The presumption of advancement: alive and well

Antoni v Antoni ([2007] UKPC 10) was an appeal to the Privy Council from the Court of Appeal of the Commonwealth of the Bahamas. A father was the beneficial owner of the five issued shares in a property investment company. He transferred the ownership of one share each to his three children. After his remarriage, he revoked a will leaving his property to his children and made a new one leaving everything to his new wife. He died not long afterwards. The wife claimed that the children held the shares on resulting trust for the father. This failed in the Court of Appeal in the Bahamas and in the Privy Council. There was nothing to rebut the presumption of advancement (or, one might say, no evidence to show that anything other than a gift was intended). The new will came after the transfer of the shares and cast no light on the father’s intention at the time of the transfer.

On the presumption of advancement, Lord Scott of Foscote said:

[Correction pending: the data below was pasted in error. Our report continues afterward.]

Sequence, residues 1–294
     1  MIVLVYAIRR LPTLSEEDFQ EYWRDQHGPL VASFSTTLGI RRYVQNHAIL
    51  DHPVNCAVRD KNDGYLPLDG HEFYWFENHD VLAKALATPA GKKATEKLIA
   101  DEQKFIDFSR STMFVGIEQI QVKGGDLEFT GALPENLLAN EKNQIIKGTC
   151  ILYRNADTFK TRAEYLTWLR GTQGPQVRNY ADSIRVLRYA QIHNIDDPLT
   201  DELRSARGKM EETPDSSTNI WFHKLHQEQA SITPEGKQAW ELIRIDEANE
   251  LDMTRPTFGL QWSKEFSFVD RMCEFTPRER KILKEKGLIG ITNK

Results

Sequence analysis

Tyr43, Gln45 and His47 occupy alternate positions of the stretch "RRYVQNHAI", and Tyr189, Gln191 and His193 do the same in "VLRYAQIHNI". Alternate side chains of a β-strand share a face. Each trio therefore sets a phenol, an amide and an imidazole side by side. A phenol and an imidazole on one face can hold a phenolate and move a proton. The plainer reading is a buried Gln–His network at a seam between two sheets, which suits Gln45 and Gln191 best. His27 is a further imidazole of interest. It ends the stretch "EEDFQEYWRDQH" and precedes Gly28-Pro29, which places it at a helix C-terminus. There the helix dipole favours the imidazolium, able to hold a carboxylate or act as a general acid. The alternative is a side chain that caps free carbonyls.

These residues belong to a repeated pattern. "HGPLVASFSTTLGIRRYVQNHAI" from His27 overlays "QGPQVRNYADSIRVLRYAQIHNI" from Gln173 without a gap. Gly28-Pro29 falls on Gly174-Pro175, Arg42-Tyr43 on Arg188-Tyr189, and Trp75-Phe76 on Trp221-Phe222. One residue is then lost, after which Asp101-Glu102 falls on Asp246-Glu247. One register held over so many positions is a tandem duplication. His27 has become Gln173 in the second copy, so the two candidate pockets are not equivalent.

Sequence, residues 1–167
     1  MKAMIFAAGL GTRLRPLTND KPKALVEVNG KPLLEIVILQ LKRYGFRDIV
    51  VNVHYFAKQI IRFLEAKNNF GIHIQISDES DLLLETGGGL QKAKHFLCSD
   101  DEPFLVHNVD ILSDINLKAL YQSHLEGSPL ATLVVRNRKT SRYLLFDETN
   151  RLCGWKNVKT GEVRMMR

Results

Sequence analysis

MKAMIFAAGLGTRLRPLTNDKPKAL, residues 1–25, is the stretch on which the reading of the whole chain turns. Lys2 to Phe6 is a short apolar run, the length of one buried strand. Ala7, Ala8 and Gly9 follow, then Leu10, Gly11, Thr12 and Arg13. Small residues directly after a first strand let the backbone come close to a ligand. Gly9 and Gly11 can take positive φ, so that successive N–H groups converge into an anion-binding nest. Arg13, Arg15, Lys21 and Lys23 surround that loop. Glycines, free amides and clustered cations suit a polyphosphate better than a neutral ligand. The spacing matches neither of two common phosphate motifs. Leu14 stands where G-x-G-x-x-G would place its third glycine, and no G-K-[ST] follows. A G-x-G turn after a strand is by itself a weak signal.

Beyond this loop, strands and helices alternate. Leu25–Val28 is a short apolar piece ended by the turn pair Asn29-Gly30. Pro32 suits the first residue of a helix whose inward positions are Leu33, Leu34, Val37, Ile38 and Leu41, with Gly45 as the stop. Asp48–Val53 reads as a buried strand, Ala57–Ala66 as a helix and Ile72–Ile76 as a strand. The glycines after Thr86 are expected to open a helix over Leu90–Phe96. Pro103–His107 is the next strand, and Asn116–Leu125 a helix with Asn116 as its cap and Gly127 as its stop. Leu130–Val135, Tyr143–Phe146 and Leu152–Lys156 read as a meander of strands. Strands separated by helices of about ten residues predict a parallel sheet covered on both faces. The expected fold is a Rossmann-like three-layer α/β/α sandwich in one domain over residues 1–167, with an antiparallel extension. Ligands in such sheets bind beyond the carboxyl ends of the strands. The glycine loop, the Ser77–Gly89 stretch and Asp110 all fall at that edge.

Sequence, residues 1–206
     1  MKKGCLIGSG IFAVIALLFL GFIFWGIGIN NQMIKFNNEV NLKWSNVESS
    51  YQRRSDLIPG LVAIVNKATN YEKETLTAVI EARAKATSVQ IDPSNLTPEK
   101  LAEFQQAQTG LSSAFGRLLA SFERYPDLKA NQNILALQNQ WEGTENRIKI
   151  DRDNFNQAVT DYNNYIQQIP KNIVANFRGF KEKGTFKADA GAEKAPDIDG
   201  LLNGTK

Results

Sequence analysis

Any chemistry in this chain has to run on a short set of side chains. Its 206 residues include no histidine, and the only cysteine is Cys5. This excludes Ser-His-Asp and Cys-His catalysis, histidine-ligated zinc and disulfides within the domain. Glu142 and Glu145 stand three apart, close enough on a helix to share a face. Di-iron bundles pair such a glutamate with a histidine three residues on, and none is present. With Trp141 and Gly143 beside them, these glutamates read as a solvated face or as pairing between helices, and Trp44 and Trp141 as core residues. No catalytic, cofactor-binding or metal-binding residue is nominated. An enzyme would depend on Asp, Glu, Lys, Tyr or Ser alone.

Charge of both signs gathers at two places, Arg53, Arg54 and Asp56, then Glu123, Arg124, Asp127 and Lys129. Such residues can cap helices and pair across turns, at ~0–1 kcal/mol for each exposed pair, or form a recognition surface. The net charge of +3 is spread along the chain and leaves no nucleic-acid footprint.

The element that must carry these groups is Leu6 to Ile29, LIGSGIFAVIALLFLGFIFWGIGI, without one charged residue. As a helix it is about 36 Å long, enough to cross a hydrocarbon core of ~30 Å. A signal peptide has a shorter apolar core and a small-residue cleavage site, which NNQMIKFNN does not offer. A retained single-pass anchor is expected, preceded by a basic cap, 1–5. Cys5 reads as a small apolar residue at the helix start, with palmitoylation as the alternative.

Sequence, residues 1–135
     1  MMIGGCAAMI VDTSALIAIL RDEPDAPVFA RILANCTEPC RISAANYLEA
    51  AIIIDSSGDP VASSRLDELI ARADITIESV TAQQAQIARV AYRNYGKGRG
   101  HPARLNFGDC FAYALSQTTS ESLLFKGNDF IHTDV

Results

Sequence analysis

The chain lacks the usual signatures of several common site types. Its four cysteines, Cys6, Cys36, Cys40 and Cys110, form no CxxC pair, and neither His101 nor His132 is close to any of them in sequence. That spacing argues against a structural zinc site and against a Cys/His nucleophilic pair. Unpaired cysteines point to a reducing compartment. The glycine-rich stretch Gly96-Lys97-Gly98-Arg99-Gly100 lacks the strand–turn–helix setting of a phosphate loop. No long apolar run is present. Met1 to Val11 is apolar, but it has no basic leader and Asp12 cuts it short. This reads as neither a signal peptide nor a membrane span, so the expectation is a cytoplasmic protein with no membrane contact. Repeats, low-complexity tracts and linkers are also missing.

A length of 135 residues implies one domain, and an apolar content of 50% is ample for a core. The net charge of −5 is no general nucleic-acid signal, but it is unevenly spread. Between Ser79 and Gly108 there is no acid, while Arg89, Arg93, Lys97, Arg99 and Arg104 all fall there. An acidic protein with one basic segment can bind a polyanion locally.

‘[T]he first instance decision [in favour of the wife] overlooked the relevance and importance of the presumption of advancement. This presumption, a construct of equity, applies when a parent places assets in the name of a child and assumes that the parent intends to make a gift to the child. It is a rebuttable evidentiary presumption. In the absence of adequate rebuttal evidence the presumption bars the application of the converse presumption, namely, the presumption of a resulting trust. If a person places assets of his or hers in the name of a stranger, the presumption is that the stranger holds the assets on resulting trust for the transferor. This, too, is a rebuttable evidentiary presumption.’ ([20]).

Note that the presumption of advancement was held to apply as between parent (not only father) and child.

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